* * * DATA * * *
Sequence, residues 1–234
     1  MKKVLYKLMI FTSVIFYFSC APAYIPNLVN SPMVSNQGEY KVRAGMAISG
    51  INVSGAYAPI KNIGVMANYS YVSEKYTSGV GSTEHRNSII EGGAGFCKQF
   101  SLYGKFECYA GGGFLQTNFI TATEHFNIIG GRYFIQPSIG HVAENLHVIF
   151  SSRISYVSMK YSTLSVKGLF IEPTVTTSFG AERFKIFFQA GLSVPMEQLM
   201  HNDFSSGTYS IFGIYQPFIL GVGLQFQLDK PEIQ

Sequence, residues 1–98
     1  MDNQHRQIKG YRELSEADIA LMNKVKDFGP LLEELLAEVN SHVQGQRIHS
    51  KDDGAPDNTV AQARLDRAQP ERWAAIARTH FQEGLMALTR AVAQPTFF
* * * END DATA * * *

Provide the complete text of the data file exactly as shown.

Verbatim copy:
Sequence, residues 1–234
     1  MKKVLYKLMI FTSVIFYFSC APAYIPNLVN SPMVSNQGEY KVRAGMAISG
    51  INVSGAYAPI KNIGVMANYS YVSEKYTSGV GSTEHRNSII EGGAGFCKQF
   101  SLYGKFECYA GGGFLQTNFI TATEHFNIIG GRYFIQPSIG HVAENLHVIF
   151  SSRISYVSMK YSTLSVKGLF IEPTVTTSFG AERFKIFFQA GLSVPMEQLM
   201  HNDFSSGTYS IFGIYQPFIL GVGLQFQLDK PEIQ

Sequence, residues 1–98
     1  MDNQHRQIKG YRELSEADIA LMNKVKDFGP LLEELLAEVN SHVQGQRIHS
    51  KDDGAPDNTV AQARLDRAQP ERWAAIARTH FQEGLMALTR AVAQPTFF